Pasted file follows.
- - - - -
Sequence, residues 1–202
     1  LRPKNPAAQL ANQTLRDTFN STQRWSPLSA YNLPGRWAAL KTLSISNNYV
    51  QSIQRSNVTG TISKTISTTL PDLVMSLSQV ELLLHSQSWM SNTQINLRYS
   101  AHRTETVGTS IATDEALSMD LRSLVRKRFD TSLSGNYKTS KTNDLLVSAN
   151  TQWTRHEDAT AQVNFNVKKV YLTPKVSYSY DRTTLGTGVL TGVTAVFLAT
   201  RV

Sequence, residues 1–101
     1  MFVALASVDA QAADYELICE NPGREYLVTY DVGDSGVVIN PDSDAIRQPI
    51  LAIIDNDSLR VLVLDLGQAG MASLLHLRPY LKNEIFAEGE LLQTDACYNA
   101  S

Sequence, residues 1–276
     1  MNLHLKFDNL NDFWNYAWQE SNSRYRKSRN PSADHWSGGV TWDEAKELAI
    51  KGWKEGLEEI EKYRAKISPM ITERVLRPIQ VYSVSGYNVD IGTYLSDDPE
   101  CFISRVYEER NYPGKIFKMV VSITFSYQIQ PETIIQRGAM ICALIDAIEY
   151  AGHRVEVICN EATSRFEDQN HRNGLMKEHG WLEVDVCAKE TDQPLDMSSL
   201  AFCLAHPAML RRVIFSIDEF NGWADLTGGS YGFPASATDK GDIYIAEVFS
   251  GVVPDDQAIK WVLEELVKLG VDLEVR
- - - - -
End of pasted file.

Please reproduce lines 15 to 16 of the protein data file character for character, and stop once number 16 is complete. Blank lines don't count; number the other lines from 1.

   151  AGHRVEVICN EATSRFEDQN HRNGLMKEHG WLEVDVCAKE TDQPLDMSSL
   201  AFCLAHPAML RRVIFSIDEF NGWADLTGGS YGFPASATDK GDIYIAEVFS